October 12, 2021 / 4:00 - 4:45 pm
A dialogue between Irwin Appel (Theater and Dance) and James Kearney (English) about Appel’s theater company, Naked Shakes, and their recent production of Twelfth Night, staged outside at UCSB’s Commencement Green in front of the lagoon. Audience Q&A will follow.
Naked Shakes derives its rather provocative name from the principle that an actor in a bare theatrical space, along with meticulous attention to language, few technical elements, and the collective imagination of the audience, can create what Prospero in The Tempest calls “rough magic,” hopefully revealing the true heart, meaning, driving force, and original inspiration behind a Shakespeare play. This theatrical style demands actors who are highly skilled in voice and text, and simultaneously greatly expressive with their physicality and imaginations. Entrances and exits are not necessarily literal or linear; an actor can simply exit by pulling down a mask or picking up a musical instrument. With the inspiration and creative power of our choreographers and designers, Naked Shakes blends wild, actor-generated theatricality with razor sharp attention to language and imagery. As an audience member, one may, at times, experience a veritable visual feast while also being able to close one’s eyes and absorb the sound and text as if one were listening to a radio play or podcast.
Irwin Appel (he/him/his) is Professor and Chair of the Department of Theater and Dance at UCSB. As a professional director, Equity actor and composer/sound designer, he has worked with the Shakespeare Center of Los Angeles, Shakespeare Santa Cruz, Orlando Shakes, the New York, Oregon, Utah, New Jersey, and Colorado Shakespeare Festivals, Southwest Shakespeare Company, The Acting Company, Theatre For a New Audience, Hartford Stage, Indiana Repertory Theatre, Arizona Theatre Company, PCPA, both the National Theatre Conservatory and Colorado New Play Summit at the Denver Center of the Performing Arts, the Bread Load Acting Ensemble, and other prominent regional theaters. In Europe, he acted the role of Pandarus in Troilus and Cressida in the Czech Republic with the Prague Shakespeare Company at the renowned Estates Theatre where Mozart premiered Don Giovanni in 1787. He is the founder and artistic director of Naked Shakes, producing Shakespeare’s plays at UCSB, in the United States, and internationally since 2006. For Naked Shakes, he has created two major adaptations of Shakespeare’s plays: first, The Death of Kings, combining eight Shakespeare history plays from Richard II through Richard III into one event that has been performed in California, Arizona, and the Czech Republic. Second and most recently, he combined Shakespeare’s Antony and Cleopatra and Julius Caesar, along with parts of George Bernard Shaw’s Caesar and Cleopatra, into one play entitled Immortal Longings. He has also has led workshops and lectured about Naked Shakes in China, Greece, Switzerland, Poland, and the Czech Republic. He is a graduate of Princeton University and the Juilliard School. www.deathofkings.com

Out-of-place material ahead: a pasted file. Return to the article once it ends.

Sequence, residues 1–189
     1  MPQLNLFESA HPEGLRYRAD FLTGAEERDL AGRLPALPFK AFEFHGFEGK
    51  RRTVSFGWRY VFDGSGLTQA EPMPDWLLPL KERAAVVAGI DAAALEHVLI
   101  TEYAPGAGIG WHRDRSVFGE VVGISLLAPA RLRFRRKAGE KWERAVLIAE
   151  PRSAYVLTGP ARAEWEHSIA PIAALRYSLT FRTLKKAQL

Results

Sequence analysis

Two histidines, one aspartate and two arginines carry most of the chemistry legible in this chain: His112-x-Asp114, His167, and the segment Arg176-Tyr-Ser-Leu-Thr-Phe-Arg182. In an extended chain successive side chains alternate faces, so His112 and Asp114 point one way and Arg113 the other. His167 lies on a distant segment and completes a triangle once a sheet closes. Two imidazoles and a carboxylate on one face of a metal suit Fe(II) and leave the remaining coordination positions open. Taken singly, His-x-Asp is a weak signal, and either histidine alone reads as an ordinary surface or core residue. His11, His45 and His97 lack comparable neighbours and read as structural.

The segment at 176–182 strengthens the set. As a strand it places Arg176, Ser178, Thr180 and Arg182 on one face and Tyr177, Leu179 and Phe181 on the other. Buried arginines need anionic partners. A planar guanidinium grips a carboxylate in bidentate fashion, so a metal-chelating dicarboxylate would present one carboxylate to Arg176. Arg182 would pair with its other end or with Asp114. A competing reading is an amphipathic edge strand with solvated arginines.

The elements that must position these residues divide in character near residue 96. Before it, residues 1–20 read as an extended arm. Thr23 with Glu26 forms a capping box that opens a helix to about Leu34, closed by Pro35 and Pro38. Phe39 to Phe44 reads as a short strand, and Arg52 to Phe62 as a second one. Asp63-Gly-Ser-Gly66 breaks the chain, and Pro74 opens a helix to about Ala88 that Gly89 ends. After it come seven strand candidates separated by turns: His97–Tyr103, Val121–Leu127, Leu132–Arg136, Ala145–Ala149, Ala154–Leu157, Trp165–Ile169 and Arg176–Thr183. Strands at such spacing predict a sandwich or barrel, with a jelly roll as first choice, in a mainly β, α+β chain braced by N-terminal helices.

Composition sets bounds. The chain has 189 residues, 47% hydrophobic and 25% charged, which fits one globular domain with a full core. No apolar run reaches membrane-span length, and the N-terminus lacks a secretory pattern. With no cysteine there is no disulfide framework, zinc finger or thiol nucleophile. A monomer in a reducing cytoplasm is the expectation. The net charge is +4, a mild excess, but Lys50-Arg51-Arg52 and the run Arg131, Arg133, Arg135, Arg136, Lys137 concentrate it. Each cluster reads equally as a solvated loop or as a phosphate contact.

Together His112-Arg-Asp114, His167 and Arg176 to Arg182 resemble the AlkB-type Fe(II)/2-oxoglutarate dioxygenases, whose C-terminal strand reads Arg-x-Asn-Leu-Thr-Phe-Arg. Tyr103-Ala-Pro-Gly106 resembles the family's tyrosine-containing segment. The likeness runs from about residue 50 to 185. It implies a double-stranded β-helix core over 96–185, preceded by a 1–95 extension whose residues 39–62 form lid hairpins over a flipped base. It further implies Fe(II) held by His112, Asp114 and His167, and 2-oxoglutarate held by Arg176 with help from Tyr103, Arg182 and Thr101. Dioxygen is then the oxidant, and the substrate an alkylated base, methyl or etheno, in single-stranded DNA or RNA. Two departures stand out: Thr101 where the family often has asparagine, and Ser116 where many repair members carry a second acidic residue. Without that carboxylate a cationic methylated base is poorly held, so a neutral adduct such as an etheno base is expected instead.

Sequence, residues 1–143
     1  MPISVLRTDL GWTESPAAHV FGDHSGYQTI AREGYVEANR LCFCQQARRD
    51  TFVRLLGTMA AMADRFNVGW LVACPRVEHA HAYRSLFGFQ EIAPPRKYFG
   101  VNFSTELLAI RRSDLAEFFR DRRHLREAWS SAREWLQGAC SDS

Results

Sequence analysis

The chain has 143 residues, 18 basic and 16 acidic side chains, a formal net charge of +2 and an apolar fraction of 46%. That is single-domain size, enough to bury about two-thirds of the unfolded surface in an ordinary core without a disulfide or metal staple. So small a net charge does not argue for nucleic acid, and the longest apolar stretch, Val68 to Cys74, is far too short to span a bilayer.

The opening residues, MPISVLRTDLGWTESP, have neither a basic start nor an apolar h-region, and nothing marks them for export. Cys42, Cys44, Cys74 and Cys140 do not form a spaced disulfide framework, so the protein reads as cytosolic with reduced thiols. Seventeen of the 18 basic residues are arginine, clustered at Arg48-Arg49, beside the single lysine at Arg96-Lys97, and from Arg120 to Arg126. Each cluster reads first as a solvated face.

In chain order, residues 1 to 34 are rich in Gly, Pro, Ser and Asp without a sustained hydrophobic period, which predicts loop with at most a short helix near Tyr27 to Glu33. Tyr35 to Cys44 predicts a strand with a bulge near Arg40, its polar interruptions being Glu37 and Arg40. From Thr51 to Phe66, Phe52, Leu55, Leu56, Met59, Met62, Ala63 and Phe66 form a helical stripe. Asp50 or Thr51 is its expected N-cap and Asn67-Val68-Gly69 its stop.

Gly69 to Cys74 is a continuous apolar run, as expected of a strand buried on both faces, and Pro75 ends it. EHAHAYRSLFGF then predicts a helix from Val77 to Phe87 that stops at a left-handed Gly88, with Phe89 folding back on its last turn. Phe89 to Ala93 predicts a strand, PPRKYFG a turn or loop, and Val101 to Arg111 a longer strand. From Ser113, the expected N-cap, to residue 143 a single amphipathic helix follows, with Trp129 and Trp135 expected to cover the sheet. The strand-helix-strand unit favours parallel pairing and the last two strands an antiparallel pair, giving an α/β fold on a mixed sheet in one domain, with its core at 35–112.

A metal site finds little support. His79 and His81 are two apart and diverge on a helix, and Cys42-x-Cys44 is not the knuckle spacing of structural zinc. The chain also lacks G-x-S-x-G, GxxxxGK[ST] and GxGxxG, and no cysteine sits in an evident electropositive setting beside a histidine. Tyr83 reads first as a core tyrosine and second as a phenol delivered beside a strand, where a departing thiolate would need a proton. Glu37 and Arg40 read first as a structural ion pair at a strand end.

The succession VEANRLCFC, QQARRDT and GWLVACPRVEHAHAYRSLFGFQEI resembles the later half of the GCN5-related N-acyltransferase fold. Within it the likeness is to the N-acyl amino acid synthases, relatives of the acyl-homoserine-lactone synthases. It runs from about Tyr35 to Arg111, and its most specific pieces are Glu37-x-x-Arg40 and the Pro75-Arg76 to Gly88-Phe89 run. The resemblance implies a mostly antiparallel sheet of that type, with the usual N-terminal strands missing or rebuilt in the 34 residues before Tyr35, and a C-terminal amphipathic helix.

Sponsored by the IHC’s Harry Girvetz Memorial Endowment